…helps keep the toxins away? I’m having a grand time working in the organic foods sector– Our firm is involved in Michelle Obama’s [healthy] school lunch program, my boss is pretty tight with Kim Severson, and we get free samples. Constantly. (Yum.) But being immersed in the environmental news world is also sometimes overwhelming, especially when every single day I find out that yet another common product has been linked with brain damage, cancer, sterility, etc.
Some people dismiss these reports– partly because they are overwhelming –but slowly, people are beginning to confront the facts. The President’s Cancer Panel just released a Big Important Report (like, really important). The short summary? 41% of Americans are diagnosed with cancer within their lifetime, and 21% die of it. The cause? No, it’s not all hereditary. These rates are directly connected to all the chemicals we put into our air, food, and water.
It’s scary, and yet I think it confirms an instinct that many Americans have already: that when our cleaning products give us a headache, or a certain medication gives us a severe side effect… they’re not okay. And this too makes sense: most of these products or substances haven’t been around for more than 50 years. We haven’t had time to know their long-term effects.
All the scientific innovation during World War II, combined with leftover “materials” (read: chemicals) after the War’s end led to an industry boom during the 50′s and 60′s. Only now are we discovering that… yikes, maybe we rushed a little too confidently into our own marketing skills.
Here’s a brief overview of some of the specific links that have turned up recently:
- Tylenol PM and brain damage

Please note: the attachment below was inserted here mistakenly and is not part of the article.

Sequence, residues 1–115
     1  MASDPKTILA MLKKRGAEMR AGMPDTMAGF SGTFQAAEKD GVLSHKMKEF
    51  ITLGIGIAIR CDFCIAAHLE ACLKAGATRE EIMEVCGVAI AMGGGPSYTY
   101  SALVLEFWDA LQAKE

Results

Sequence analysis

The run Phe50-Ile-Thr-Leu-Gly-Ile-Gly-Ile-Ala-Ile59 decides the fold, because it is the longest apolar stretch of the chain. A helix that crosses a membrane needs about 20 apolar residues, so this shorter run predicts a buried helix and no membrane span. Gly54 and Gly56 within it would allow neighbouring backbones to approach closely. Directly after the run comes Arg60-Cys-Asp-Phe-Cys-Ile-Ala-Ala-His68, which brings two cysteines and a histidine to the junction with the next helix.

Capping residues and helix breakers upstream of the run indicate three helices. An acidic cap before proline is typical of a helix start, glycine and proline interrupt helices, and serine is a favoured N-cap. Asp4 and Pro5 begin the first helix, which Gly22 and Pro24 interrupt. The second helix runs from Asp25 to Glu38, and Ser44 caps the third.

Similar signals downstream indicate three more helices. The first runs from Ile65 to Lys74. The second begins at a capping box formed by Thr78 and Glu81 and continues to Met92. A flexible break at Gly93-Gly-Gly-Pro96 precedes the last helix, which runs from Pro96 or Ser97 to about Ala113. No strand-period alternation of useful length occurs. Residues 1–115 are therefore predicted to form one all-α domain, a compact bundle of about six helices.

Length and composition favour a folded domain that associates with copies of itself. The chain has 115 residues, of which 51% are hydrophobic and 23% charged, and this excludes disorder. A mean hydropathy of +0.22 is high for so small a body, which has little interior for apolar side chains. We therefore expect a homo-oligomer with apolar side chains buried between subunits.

- Cleaning products and breast cancer
- Anything that contains these 20 ingredients (highlights: diesel exhaust and titanium dioxide, i.e. paints and sunscreen)
- Old Spice, infertility and birth defects. (Bet those videos are less funny now)
- Synthetic food coloring, ADHD, and cancer
It’s sensible to be skeptical. Which means that I raise an eyebrow at something like, oh, say, a digital food printer, instead of embracing its sexy techno-seduction without questioning. Not to mention any product that gives you a headache, or smells funny, or has been on the market for less than a generation (I’m looking at you, ADHD drugs).
But I’m not against innovation: urban farming, for example, is new, innovative, and also fucking badass. But it utilizes traditional, tried-and-true methods in order to create healthier communities in the present. No skepticism about that.
UPDATE: You know what’s ironic? When I search for “cancer health” in a stock image search engine, 99% of the images are of cigarettes (one was of a virus?). Funny how we don’t want to acknowledge that the pesticides in our food might be just as dangerous.